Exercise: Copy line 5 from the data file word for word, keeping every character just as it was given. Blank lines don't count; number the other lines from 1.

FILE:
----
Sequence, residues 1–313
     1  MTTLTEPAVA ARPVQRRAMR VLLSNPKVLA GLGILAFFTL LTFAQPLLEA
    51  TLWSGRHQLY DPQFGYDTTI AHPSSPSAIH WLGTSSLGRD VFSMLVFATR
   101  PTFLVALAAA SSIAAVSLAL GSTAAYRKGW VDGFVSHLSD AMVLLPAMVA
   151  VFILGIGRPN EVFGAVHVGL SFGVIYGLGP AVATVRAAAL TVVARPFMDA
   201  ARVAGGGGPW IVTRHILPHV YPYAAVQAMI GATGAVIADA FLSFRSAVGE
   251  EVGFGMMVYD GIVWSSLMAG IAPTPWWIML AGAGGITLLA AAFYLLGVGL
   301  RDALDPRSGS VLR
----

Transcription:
   151  VFILGIGRPN EVFGAVHVGL SFGVIYGLGP AVATVRAAAL TVVARPFMDA